Can't use chain iterator inside quote! macro

I'm trying to use a chain iterator inside a quote! macro, but the compiler tells me that the types are mismatched: expected struct syn::punctuated::Iter, found struct std::iter::Chain.

use proc_macro::TokenStream;
use quote::quote;
use syn::{Data, DataEnum, DeriveInput, parse_macro_input};

trait NextEnumVariant {
	fn next_variant(&self) -> Self;

pub fn next_enum_variant(input: TokenStream) -> TokenStream {
	let DeriveInput {data,ident,..} = parse_macro_input!(input);
	match data {
		Data::Enum(DataEnum{variants,..}) => {
			let iter = variants.iter();
			let mut shifted_iter = variants.iter();
			shifted_iter = shifted_iter.chain(; //here's where the error happens
				impl NextEnumVariant for #ident {
					fn next_variant(&self) -> Self {
						match *self {
							#(#iter => #shifted_iter),* //here's where I'm trying to use the iterator
		Data::Struct(_) => panic!("This macro doesn't work for structs"),
		Data::Union(_) => panic!("This macro doesn't work for unions"),

Is there something I'm doing wrong? If not, is there some other way I could makes something like shifted_iter?

If two iterators iter1 and iter2 have type T and U, then iter1.chain(iter2) has type Chain<T, U>, and not T or U. Think about it: if the new iterator has different behavior and additional state (like chaining has to have!), how could it be the same type as either of the iterators it was created from? It necessarily is a distinct type. But you are trying to assign it back to one of the iterators, so that's a type mismatch.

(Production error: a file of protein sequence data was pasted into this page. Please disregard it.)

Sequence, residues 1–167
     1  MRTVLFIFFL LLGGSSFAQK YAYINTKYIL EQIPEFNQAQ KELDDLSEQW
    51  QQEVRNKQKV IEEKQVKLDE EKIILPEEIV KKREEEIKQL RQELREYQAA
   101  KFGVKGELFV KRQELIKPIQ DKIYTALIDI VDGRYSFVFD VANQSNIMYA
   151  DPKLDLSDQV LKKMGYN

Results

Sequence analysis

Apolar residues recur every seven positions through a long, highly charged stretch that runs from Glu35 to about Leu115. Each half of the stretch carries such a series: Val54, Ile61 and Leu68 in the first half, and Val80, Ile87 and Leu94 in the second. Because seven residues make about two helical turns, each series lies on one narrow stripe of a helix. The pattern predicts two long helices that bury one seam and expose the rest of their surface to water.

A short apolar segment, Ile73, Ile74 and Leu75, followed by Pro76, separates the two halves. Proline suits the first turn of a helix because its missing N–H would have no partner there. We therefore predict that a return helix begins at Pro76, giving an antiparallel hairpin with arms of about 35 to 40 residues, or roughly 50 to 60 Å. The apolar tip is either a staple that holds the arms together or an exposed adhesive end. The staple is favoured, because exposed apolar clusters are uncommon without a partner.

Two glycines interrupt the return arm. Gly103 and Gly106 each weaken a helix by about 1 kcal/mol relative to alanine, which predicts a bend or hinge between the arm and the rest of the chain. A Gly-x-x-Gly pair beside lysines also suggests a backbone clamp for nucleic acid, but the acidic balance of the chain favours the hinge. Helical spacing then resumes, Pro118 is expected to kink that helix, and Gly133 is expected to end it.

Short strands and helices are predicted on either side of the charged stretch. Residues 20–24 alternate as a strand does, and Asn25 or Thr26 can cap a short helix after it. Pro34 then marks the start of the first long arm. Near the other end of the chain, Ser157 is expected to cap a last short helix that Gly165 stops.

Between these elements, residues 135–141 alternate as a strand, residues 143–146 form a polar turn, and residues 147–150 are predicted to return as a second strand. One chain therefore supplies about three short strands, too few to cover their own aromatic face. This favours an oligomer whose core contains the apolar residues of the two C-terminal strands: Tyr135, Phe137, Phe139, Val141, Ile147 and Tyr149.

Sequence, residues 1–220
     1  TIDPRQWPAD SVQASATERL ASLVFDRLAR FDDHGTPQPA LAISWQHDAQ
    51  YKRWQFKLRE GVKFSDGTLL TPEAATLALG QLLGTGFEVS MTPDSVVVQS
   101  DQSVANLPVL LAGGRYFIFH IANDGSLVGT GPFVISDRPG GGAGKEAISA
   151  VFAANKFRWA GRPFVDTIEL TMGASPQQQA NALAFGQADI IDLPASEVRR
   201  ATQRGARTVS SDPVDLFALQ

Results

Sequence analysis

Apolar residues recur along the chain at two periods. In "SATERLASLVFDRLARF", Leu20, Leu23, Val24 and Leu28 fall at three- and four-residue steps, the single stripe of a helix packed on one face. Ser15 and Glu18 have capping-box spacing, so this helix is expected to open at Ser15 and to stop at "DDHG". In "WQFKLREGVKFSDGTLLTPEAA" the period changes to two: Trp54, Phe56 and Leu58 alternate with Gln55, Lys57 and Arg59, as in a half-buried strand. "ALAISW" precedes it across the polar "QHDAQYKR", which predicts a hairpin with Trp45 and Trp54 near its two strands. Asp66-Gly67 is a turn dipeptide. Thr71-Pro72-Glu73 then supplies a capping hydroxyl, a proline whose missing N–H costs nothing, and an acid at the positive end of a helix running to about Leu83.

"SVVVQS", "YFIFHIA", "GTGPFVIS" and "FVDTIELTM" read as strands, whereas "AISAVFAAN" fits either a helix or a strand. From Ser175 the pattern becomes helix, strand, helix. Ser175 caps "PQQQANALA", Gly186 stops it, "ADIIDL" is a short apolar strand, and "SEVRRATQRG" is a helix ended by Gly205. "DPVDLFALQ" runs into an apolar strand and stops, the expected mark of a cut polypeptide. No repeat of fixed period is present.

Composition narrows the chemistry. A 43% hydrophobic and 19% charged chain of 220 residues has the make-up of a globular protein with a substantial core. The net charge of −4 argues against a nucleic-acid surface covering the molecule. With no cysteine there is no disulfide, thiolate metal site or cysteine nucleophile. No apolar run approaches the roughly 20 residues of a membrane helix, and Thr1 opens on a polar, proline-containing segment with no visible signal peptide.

It's also quite unidiomatic to create a mutable variable and re-use that same variable for a different purpose. And .chain( is especially weird. What are you actually trying to do? I can't understand what's the intention of that line you marked.

Thank you, after reading your comment I realized that I should be binding, instead of assigning, to shifted_iter. I haven't worked too much with iterators in this way, so please forgive my mistake.

Also, just to clear up what I was trying to do: I wanted to 'shift' all the elements of the iterator to the left, so if iter was 1 2 3, shifted_iter would be 2 3 1.

Then you can just take and drop the appropriate items explicitly, no need for anything complicated:

let first = variants.iter().take(1);
let shifted_iter = variants.iter().skip(1).chain(first);

That's perfect, thank you!